Adobe offers workaround for PDF risk

Adobe offers workaround for PDF risk

Summary: The workaround has been provided to guard against attacks that use a feature in its Reader and Acrobat software to fool users into installing malware

TOPICS: Security

Adobe has provided a workaround for an issue in its Reader and Acrobat software that could let PDFs be used to spread malicious software.

In March, security researchers discovered a feature in the software could be used to trick people into running an embedded executable program in a PDF. Malicious software could be installed on the victim's PC without an attacker exploiting any vulnerability on the system.

On Tuesday, Adobe product manager Steve Gottwals outlined the workaround in a blog post. Sysadmins can alter a registry setting on Windows, or grey out a PDF preference, to stop users turning on the /Launch capability, which is the exploitable feature, he said.

In addition, Adobe is evaluating the best way to allow admins and users to mitigate the problem. This could be pushed out in a product update, according to Gottwals.

"We are currently researching the best approach for this functionality in Adobe Reader and Acrobat, which we could conceivably make available during one of the regularly scheduled quarterly product updates," said Gottwals.

The PDF hack was made public by security researcher Didier Stevens. Stevens showed how an attacker could use the launch function triggered by opening a PDF. While Adobe Reader launches a dialog box to ask for user approval to run the executable, the message in the dialog box can be manipulated look like an innocuous message and so to fool users into starting the program, wrote Stevens in a blog post.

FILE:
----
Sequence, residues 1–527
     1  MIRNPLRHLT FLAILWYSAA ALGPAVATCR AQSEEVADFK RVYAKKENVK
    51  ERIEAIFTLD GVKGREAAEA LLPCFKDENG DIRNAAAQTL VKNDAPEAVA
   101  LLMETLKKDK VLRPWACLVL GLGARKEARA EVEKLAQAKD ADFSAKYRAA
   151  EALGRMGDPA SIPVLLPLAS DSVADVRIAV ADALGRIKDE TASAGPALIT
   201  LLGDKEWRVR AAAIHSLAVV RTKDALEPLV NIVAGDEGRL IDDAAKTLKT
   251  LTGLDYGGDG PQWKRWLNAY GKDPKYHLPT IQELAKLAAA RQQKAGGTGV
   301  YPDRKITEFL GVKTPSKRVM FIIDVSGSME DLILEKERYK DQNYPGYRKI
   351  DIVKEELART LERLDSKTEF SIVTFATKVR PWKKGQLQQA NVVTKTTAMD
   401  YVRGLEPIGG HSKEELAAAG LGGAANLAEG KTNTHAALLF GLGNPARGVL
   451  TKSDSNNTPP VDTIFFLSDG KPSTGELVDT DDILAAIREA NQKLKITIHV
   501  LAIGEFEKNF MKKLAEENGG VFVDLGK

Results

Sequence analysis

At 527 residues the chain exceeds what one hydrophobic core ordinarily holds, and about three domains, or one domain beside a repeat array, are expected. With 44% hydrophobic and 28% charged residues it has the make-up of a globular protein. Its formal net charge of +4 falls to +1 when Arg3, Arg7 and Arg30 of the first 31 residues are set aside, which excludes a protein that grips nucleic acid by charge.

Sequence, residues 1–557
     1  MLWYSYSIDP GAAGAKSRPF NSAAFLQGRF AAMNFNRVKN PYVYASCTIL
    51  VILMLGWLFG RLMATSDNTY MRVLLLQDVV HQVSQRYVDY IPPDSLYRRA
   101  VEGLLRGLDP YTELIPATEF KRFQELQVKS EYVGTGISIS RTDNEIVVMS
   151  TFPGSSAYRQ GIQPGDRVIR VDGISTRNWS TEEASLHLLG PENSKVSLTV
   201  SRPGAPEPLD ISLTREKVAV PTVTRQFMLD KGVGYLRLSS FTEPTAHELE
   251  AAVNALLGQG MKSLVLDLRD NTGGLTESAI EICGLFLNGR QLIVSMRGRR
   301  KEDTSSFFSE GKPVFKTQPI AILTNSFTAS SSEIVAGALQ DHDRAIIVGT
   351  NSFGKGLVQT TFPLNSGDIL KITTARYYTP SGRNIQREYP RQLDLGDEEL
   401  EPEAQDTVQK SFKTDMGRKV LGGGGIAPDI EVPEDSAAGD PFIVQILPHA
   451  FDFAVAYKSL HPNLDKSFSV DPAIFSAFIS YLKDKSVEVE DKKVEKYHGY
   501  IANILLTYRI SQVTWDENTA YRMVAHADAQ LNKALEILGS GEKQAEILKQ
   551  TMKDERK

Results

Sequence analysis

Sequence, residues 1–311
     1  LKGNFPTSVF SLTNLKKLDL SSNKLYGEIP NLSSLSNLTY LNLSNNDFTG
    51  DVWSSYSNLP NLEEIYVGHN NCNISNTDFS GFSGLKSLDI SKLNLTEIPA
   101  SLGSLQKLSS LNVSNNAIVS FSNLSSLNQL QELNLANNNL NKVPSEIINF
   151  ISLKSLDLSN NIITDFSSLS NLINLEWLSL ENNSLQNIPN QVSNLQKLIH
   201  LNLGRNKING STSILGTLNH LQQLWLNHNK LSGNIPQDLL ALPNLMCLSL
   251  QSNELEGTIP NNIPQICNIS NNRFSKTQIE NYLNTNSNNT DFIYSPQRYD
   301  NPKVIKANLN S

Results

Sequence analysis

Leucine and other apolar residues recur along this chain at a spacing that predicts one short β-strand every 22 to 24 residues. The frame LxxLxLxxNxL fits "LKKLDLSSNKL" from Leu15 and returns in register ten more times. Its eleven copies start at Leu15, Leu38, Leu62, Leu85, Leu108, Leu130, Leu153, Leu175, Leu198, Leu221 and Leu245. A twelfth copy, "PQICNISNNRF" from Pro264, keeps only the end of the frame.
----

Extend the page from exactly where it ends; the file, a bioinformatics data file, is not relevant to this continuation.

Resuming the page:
The proof-of-concept attack demonstrated by Stevens also works with Foxit Reader, an alternative to Adobe Reader. However, Foxit does not pop up the dialog box.

Topic: Security

Tom Espiner

About Tom Espiner

Tom is a technology reporter for He covers the security beat, writing about everything from hacking and cybercrime to threats and mitigation. He also focuses on open source and emerging technologies, all the while trying to cut through greenwash.

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  • Okay... so it could infect a PC running Windows. Is there any threat to the Macintosh OS X platform, or can I go back to my usual state of not worrying about these things...?
  • I'm also wondering about Linux as well. Seems that most of these vulnerabilities are only on the Windows platform.
  • I don't think you have to worry about a Linux box being affected by this flaw. An "embedded executable" sounds like windows only. And I don't think you have to worry about software being installed on Linux, or MAC, without knowing it, as it will ask for your root password before allowing installation of software. And, even if you do allow it to install a windows program it won't work under Linux, and I doubt it will even install.